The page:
From a statement published by the State Department's protocol office:

As a result of the legal reforms enacted in 1978, members of foreign diplomatic missions are accorded only those immunities which by general agreement are required in today's world to protect the interests of their governments. The number of individuals afforded full diplomatic immunity is considerably limited under the Vienna Convention of 1961, which makes the degree of immunity commensurate with the rank of the member of the diplomatic mission.

It is well to emphasize that diplomatic immunity does not exempt a diplomatic officer from the obligation of observing local laws and regulations. An envoy is not clothed with diplomatic immunity to enable him to indulge with impunity in personal controversies or to escape from liabilities to which he otherwise might be subjected. The purpose of immunity is not to benefit individuals but to ensure the efficient performance of the functions of the diplomatic missions.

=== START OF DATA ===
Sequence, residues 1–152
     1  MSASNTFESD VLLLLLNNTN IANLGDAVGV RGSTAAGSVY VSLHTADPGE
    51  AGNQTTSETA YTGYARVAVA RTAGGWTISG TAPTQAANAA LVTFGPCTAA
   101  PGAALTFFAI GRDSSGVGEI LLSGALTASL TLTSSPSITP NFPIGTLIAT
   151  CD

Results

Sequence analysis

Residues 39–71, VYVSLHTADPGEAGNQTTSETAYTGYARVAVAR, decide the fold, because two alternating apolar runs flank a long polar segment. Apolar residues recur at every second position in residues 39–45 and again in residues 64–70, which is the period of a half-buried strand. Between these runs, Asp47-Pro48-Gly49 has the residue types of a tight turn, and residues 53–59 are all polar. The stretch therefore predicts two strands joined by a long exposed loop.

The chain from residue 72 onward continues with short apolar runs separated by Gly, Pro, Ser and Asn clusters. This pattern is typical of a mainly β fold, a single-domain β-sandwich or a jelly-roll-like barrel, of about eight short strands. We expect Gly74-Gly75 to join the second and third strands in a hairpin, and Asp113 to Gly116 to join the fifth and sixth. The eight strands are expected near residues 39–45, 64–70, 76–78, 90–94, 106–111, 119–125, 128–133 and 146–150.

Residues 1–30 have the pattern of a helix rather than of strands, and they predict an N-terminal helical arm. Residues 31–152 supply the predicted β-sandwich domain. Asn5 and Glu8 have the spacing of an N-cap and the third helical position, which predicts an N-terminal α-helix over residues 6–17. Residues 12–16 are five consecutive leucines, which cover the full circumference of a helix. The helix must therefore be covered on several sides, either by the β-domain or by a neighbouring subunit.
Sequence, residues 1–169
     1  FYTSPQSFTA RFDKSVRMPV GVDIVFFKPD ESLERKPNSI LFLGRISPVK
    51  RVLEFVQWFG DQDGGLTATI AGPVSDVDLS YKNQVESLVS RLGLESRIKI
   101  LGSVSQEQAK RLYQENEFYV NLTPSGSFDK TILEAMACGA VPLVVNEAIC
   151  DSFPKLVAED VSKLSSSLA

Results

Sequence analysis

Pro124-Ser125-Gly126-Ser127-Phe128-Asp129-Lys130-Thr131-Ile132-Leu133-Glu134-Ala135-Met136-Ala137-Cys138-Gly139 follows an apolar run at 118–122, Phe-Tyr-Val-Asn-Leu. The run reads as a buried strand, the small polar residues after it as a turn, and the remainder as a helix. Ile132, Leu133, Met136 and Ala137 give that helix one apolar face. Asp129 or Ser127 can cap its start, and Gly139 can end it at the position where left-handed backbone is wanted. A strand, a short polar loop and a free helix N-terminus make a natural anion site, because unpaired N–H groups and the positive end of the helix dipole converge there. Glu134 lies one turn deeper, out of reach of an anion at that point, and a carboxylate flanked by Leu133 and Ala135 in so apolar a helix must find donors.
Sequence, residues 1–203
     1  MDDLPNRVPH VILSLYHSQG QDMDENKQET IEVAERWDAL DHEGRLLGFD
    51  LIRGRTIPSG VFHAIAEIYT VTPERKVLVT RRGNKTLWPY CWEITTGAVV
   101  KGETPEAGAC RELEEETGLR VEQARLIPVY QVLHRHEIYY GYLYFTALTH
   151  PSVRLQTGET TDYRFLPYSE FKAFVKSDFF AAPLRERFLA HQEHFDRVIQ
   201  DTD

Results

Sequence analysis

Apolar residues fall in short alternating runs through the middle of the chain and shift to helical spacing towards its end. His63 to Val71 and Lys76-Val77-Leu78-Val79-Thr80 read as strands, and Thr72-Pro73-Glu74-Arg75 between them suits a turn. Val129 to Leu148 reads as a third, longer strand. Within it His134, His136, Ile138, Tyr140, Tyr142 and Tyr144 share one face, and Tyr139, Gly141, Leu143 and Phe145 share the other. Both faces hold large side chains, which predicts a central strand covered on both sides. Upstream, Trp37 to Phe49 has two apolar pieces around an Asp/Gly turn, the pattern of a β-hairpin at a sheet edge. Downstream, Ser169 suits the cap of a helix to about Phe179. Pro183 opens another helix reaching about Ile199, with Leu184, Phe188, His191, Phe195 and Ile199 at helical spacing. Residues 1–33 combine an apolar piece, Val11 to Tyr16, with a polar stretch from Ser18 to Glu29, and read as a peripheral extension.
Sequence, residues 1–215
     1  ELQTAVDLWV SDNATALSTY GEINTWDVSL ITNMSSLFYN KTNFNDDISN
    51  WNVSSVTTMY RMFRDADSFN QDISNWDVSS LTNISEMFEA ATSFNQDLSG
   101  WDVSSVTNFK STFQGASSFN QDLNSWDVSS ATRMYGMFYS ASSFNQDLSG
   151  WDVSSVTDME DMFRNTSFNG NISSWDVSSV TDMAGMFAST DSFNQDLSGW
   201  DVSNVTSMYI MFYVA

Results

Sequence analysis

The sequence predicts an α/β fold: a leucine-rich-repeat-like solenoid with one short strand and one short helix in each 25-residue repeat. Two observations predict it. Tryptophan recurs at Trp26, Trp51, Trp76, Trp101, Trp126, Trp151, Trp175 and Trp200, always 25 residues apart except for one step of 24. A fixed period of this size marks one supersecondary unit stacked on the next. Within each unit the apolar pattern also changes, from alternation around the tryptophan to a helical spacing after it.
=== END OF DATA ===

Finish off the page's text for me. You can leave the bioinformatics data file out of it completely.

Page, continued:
When abuses of immunity occur, however, the United States is obliged under treaty and statutory law to recognize the immunity of the offender, without in any way condoning the offense. The Office of Protocol in the Department of State is available to both citizens and diplomats for the resolution of problems which may involve diplomatic immunity. That office has quite often been successful in settling disputes brought to its attention where the immunity of an individual has prevented a satisfactory settlement through the judicial process. . . .

The immunities and safeguards provided in the Vienna Convention are precious to the United States. They shield our own diplomats serving abroad from prosecution by local authorities operating under judicial systems with minimal due process safeguards. Without such protection it would be difficult, if not impossible, to staff our posts abroad.

It is necessary, therefore, to balance the interests of the United States by extending privileges and immunities to foreign diplomatic personnel here so as to ensure that our personnel are accorded the same treatment abroad.